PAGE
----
Monday Musings: Twin Trouble

What happened? Is that your first thought after reading that title. Yep, I have identical twins. What did they do this time? How much time do you have?

What they did was repeatedly ask me a question. Children are good at asking a question over and over again until you are certain you are going to pull your hair out or scream or both. They kept asking, “Where are the fiction stories you wrote as a kid?” I responded, “I have them. I pull them out later.” Apparently, they wanted to read them yesterday, so they kept asking about them…for weeks.

After church on Easter Sunday, I went through my childhood stuff to find some of my stories. My husband got a kick out of me standing on my tip-toes in my Easter Sunday dress trying to find a story, any story I wrote as a child. I don’t particularly care for wearing dresses, so getting up and down on my stool to go through multiple childhood binders and portfolios was a lot of work. That darn dress kept getting in the way! Finally, I found the original copy of a Greek myth I wrote in sixth grade called “Carlos and the Swamp Monster,” and another short story I wrote in fifth grade called “Twin Trouble.”

…but I brought this on myself. One of my boys saw a copy of “Carlos and the Swamp Monster” on my desk. I had secretly been rewriting it under another title. I wrote a lot of fiction as a child, but as an adult, I write poetry and nonfiction. Writing fiction as an adult is way out of my comfort zone. I had been frustrated because rewriting this story has been hard. I wanted to keep it to myself, so if I quit or gave up, no one would know about it. After my son saw the copy of my story, I hid it. I told him the copy didn’t look as good as the original. It did not because when it was copied on the copy machine, some of the pages got cut off. But honestly, I didn’t want anyone to read it.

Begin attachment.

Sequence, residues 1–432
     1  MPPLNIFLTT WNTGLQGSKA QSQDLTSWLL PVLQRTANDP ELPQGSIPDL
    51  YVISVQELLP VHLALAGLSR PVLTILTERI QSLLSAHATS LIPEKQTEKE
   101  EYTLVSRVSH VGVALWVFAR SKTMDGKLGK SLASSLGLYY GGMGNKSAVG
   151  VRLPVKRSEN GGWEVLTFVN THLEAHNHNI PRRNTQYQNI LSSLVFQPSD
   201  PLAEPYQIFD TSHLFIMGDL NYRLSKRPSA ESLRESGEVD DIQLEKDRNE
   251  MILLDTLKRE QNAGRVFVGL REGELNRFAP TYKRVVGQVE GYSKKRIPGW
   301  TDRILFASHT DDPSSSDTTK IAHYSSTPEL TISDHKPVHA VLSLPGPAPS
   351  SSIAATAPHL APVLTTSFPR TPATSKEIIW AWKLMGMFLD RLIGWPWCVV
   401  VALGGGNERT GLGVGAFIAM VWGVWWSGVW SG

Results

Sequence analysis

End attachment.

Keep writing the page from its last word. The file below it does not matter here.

Alas, my children wore me down. After finding the original copy, I let my sons read the story, and they really liked it. (I know they are bias readers). They encouraged me to keeping rewriting it, and I will.

When it came to “Twin Trouble,” they were a bit freaked out. It is a short story about a family with two sets of identical twins. One of the twins in the book name is Jerry which is a nickname of one of my sons, and the character Jerry has a best friend who is named James, which is the name of my other son. I didn’t even remember what I named those characters, so I did find this funny and a bit strange.

What I also found comical was my biography. First of all, my big afro puff was on point. Thank you very much Mom. Secondly, I miss those days when I didn’t have a care in the world. Third, I had to laugh at the facts I included about myself. I have no clue why I felt the need to list every street where I had lived. I had to block that out because you all don’t need to know where I lived and my parents still live at that last address. Also, if you were curious, my parents are still together. I don’t know why I felt the need to state my parents were married.

An illustration from “Twin Trouble”

I’m up for the challenge. I’m half-way through revising my story. I also found a person with a background in Greek myths to review it and give me feedback. I’m not saying I will be a best selling fiction writer because I need to practice that craft as much as I write nonfiction and poetry, but I am going to finish and see how this all unfolds.

Are you laughing at my illustrations? Hey, I was only ten.

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